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|Title:||Molecular characterization of porcine parvovirus 1 based on partial VP2 gene in the ovaries of Thai pigs|
|Keywords:||Agricultural and Biological Sciences|
|Abstract:||Porcine parvovirus 1 (PPV1) is the causative agent of swine reproductive disease, particularly in naive gilts and sows. This study aimed to investigate the prevalence and genetic diversity of the partial nucleotide sequence of the VP2 gene and to compare the substitution of amino acid residues that affect relevant biological properties. The prevalence of PPV1 was found to be 12% (12/100) when the viral genome was detected using polymerase chain reaction (PCR). Determination of the genetic diversity of a partial nucleotide sequence of the VP2 gene through phylogenetic analysis indicated that a single cluster of Thai PPV1s was allocated on the phylogenetic tree. According to a comparison of the substitution of amino acid residues that affected the biological properties at 378, 383, 365, and 436 of the VP2 capsid protein between the 12 Thai PPV1s, the Kresse strain (a surrogate pathogenic strain), and the NADL-2 strain (a surrogate nonpathogenic strain). It was determined that the substitution of amino acid residues at 378, 383, and 436 of 12 Thai PPV2s was identical to those of the Kresse strains. The substitution of amino acid residues at 436 of the 12 Thai PPV1s was similar to that of a proven virulent strain in vivo. Additionally, substituting amino acid residue at 320 of the VP2 capsid protein revealed that seven Thai PPV1s were associated with isoleucine PPV1s and identical to that of both surrogate strains, whereas five Thai PPV1s were associated with threonine. This outcome was similar to what had been deposited in GenBank. Our data suggest that Thai PPV1s isolated from the ovaries of pigs raised in Chiang Mai may have originated from the Kresse strains. Based on a change of VP2 capsid protein that occurred amongst the substitution amino acid residue at 320 of the VP2 capsid protein, viruses found in this region were determined to be similar to those found in other areas. This was likely because the viruses had adapted to evade the immune systems of animals.|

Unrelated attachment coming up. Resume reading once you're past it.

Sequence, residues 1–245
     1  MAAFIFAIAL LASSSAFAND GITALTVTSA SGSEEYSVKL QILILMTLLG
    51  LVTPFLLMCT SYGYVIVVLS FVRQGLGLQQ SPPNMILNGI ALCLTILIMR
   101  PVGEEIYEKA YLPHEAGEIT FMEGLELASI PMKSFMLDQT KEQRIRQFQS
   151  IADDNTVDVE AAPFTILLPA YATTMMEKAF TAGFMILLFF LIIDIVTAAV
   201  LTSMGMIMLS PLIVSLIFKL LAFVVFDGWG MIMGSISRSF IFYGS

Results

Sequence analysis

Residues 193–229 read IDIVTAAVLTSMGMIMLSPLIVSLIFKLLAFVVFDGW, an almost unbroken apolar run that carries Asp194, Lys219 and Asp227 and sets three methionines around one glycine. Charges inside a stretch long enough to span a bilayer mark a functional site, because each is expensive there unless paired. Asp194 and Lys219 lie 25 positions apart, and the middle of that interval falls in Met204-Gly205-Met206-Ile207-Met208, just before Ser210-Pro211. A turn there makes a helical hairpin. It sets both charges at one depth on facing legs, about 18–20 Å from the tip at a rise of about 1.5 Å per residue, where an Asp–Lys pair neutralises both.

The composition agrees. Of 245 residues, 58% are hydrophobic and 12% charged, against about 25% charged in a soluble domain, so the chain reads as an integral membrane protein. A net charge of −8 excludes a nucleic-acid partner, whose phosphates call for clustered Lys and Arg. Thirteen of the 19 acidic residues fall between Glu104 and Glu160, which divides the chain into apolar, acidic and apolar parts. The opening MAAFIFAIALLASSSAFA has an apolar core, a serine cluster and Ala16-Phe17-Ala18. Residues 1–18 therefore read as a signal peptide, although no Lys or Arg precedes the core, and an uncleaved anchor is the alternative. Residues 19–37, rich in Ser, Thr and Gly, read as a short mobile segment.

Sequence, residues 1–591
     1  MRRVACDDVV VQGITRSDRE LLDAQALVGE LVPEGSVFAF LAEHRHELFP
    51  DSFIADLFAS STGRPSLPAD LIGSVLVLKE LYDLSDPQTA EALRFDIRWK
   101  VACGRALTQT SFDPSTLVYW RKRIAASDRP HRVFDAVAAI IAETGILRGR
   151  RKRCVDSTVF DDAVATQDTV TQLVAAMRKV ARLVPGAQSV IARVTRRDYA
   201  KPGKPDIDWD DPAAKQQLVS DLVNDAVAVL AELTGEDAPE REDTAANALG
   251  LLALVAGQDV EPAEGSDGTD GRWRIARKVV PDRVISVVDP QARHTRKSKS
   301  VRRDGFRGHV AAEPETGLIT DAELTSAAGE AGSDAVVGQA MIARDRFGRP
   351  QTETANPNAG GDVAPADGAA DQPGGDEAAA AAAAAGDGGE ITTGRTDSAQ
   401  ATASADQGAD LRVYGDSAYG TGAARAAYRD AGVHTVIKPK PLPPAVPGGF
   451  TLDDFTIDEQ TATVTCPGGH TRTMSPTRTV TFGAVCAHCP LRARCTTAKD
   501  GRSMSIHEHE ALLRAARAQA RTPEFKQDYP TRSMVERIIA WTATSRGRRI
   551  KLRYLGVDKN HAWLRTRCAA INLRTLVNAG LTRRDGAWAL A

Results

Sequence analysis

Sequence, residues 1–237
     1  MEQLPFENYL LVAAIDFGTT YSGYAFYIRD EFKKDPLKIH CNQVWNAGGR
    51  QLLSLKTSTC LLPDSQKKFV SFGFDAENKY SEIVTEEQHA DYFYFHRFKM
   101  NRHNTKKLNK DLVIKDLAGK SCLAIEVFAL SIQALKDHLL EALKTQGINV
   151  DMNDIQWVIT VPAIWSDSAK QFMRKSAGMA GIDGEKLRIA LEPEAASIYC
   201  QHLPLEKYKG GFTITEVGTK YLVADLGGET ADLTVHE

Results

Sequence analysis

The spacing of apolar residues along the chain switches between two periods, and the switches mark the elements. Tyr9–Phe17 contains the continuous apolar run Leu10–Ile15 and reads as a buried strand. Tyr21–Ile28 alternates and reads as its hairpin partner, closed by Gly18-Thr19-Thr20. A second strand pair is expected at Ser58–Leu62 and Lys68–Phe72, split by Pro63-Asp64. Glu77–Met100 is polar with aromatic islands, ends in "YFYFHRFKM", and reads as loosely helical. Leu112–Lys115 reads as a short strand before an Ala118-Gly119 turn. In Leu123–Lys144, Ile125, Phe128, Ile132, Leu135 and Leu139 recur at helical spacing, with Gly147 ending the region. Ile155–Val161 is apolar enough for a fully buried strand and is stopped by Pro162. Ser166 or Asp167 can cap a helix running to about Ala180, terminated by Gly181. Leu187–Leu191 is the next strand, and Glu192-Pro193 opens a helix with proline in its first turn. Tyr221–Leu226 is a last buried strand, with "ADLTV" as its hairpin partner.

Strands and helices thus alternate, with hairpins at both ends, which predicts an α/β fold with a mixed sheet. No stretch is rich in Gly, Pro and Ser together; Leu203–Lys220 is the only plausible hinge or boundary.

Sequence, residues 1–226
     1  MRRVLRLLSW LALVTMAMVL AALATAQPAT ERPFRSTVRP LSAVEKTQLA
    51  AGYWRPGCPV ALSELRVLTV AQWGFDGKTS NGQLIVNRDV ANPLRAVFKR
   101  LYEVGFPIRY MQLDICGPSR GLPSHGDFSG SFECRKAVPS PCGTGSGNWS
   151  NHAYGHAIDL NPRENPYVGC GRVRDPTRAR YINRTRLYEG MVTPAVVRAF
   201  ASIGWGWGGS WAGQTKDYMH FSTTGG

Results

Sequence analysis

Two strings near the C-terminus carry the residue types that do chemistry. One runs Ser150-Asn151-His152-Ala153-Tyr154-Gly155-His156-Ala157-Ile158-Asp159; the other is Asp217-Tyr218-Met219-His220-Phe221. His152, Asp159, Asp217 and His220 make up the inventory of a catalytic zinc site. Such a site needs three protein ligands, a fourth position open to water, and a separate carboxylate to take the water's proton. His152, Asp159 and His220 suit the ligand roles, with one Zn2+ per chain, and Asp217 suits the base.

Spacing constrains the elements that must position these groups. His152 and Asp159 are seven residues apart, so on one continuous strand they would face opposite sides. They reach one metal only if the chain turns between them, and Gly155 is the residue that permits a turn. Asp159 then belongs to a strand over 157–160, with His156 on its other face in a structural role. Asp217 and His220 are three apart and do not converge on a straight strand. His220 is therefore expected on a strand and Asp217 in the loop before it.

|Appears in Collections:||CMUL: Journal Articles|
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